The end goal of medicine

A fictional look at a future without death

Graphic by Kelly Campbell

Oct. 28, 2205

This morning, the World Health Organization (WHO) announced a landmark in the field of medicine: humanity has beaten death.

Humans have fought against death for some time. Different societies practiced different forms of medicine, sure, but the end goal has always been to prolong life.

Medicine advanced tremendously in the 20th and 21st centuries. Physicians and nurses found new ways to save lives by using groundbreaking discoveries made by medical scientists.

Countless individuals aspired to become physicians, attracted to the prestige, money, and power associated with the profession.

But somewhere along the way medical professionals lost sight of what they were working towards.

No one was asking medicine’s big philosophical question. Nobody was asking what the end goal of medicine truly was.

It is clear today, in the wake of WHO’s announcement, that the answer to that question is eternal life.

Gone are the days of “old age,” a time when things like cancer and dementia easily stole our bodies and minds.

Experts have predicted the conquering of death for quite a while now. The potential for this shift in human existence was first noted when medical scientists and physicians successfully overcame the process of aging. By genetically altering our biological clocks, processes like cancer and tissue wasting were permanently prevented.

Although the biological degradation associated with aging was halted, things were not perfect. There was a mental disconnect between our bodies and minds that allowed for things like dementia and depression to cause more suffering than ever before.

Despite our physical wellness, the suicide rate had actually increased in the mid-to-late-22nd century.

Medical researchers and professionals worked diligently to bring our level of mental health care to the same level that physical health care had achieved. Eventually the HappyHub, a brain implant which provides our brains with biochemicals when our normal levels fall out of balance, was developed.

The last piece of the puzzle was defeating infectious diseases. Pathogenic bacteria and viruses have always proved to be a daunting challenge for us as humans due to our differences in biology. Bacteria and viruses reproduce much more rapidly than we do, so no matter how quickly we adapted, they were always one step ahead of us.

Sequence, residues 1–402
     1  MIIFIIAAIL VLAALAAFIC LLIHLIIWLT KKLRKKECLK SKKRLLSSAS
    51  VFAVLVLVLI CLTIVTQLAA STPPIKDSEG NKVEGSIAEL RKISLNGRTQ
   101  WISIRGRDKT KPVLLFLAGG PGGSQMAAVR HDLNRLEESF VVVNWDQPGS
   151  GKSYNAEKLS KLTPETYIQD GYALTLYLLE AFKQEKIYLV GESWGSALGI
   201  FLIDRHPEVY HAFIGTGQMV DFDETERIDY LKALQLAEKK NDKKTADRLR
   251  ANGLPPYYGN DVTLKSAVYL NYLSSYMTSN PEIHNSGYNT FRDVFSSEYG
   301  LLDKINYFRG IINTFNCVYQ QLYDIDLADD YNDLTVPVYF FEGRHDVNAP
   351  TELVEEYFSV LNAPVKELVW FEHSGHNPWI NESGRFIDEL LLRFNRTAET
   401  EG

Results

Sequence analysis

This problem was solved when medical researchers realized that instead of attacking these pathogens, we should be improving our defences. To achieve this, researchers developed a way to improve the efficiency of our immune systems through the use of specialized nanobots.

Our nanobot-bolstered immune systems are now so adept at fighting off infections that it was only a matter of time before every single human pathogen would be wiped out.

The WHO’s announcement this morning came after confirmation that the common cold, humanity’s last known infectious disease, had been eradicated.

Today, physical and mental health has progressed so far that the global suicide rate has dropped to a fraction of what it used to be. Infectious diseases are no longer a concern. Suffering is a concept that will hopefully be forgotten over time.

Sure, people can still die in freak accidents, but current health and safety technologies make those scenarios nearly impossible. For instance, we no longer have to worry about murder or assault due to the DePROVOKER chips that are inserted into our brains alongside our HappyHubs shortly after birth.

Death is a thing of the past, and I couldn’t be more excited about it. Let’s marvel at what this means for all of us moving forward into the forever-future.

Unlimited time means that everybody has the opportunity to learn and do everything. Experts believe that every single individual will have mastered all skills and fields of knowledge within the next five hundred years. Eternal life has given us the opportunity to end natural inequality at the small expense of individualism.

In just a few hundred years, everybody will be the exact same.

What happens after that is anybody’s guess, but I’m sure we will figure out new things to explore as a collective entity.

The WHO made another major announcement during this morning’s press conference. The Global Reproductive Restriction, which was established at the beginning of the 22nd century to combat the unsustainable growth of our global population, has officially ended.

Instead, it has been replaced with the Global Reproductive Prohibition. New generations of humans are no longer needed since there will no longer be deceased individuals to replace. As a result, the current generation of children will be the final generation of new humans. Mandatory sterilization for all individuals will be implemented within the next few months. Once this generation reaches adulthood, it is very likely that most family structures will be dissolved.

I think these personal sacrifices are an extremely fair payoff for the opportunity to live forever. Only time will tell what humanity accomplishes next.